Updated: Apr 28
Medical imaging analysis has become a vital technology in patient care since it provides detailed anatomical information in all different types of tissue. These technologies are essential to patient customized therapy planning, therapy monitoring, and follow-up of disease progression, as well as targeting for non-invasive or minimally invasive treatments.
Recent advances in magnetic resonance (MRI) imaging machines published by Hyperfine and the digitization of the Xray source by NanoX shed light on a question that motivates this blogpost, what if imaging didn’t require, high capital expenditure, a dedicated suite, extensive training, or expensive upkeep? How would it impact the on-time diagnosis and accurate therapy?. Would there be an advantage in delivering care at potentially reduced costs to the population at large?. Would it help to address social and ethical issues related to access to and affordability of healthcare?.
The cost of MRI and CT accounts for less than 3% of Medicare spending in the US and very often these modalities replace more invasive and expensive tests  but it is still around 10 times more expensive than a 2D X-Ray. With the growth presented by 3D surgical planning and customized treatment the number of patients where a CT or MRI will provide added value vs an X-Ray will rise dramatically, and delivering the right treatment to the right patient at the right time is the key to the future of medicine.
It has been demonstrated that in many diseases ‘one size fits all’ no longer applies, with that in mind, medical imaging is changing treatment management to a patient-specific approach, with both health and economic benefits. Treatment monitoring helps avoid both unnecessary drug toxicities and ineffective treatments, with resultant reduction in healthcare costs and significant reduction of invasive testing, such as exploratory surgery.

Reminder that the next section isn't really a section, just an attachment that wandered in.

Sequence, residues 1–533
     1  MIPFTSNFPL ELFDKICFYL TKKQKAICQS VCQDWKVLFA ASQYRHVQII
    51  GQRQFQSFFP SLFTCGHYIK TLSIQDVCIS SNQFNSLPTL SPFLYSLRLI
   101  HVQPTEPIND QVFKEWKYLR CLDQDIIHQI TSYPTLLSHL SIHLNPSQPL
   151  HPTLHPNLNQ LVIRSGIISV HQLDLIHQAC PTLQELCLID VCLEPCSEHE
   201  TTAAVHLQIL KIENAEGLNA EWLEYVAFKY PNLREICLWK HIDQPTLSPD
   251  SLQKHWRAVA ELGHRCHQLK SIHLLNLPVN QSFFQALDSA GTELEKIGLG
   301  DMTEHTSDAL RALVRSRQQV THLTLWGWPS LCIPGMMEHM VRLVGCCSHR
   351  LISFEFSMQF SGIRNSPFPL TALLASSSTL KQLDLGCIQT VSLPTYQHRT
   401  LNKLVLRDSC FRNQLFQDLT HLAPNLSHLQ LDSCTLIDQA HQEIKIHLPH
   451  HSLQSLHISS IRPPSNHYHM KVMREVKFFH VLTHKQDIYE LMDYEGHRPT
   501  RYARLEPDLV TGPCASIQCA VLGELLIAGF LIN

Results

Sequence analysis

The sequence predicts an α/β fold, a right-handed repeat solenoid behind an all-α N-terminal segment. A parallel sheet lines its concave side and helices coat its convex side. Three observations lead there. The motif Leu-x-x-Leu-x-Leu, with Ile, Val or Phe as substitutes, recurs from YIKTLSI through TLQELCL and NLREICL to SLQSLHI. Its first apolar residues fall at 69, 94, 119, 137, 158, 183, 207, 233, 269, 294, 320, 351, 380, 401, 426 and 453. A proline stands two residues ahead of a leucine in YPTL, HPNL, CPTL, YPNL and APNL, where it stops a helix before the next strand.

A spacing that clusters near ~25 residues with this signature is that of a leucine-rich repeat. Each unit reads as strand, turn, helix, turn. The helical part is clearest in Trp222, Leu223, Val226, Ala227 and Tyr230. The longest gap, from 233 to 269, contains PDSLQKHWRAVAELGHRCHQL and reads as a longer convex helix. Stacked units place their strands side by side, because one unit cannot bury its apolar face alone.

In general, costs of delivering MR scans or CT scans are easier to capture, but vary globally across different healthcare systems. Costs are borne by different groups in different societies, varying from the government through employers to individuals, but this is largely irrelevant when discussing cost control. Costs may be fixed (such as the cost of MRI systems [capex, depreciation, and upgrades, service contracts, staff costs] or variable [eg, contrast and consumables]). Further, the “costs” will also vary depending on perspective, eg, reducing exam time may reduce the healthcare system cost, but the patient charge may remain unaltered. The cost will even vary depending on the setting where the test is performed, the same CT scan that can cost a couple hundred dollars in an imaging cabinet, will cost tens of thousands in an emergency room (ER).
However, the discussion about the costs becomes a discussion about the value, and the “value” is difficult to measure. Usually, value is defined as outcome over cost. In medicine, the usual way to demonstrate “value” is to demonstrate a positive impact on the late effects of treatment, like morbidity, mortality, and quality of life and these late outcomes are not often linked with imaging to the naked eye.
Advances in healthcare IT technologies, computing power, faster networks, and cheaper storage have revolutionized medical imaging over the recent past, allowing doctors to manage, analyze, and interpret images more easily and flexibly than in the last decade. This opens up new possibilities to measure imaging value. Additionally, thanks to the increasing use of Patient-Specific solutions, digital surgical planning, navigators, and 3D printing, imaging value is no longer just diagnostic. Today, it has become the source for the personalized treatment plan.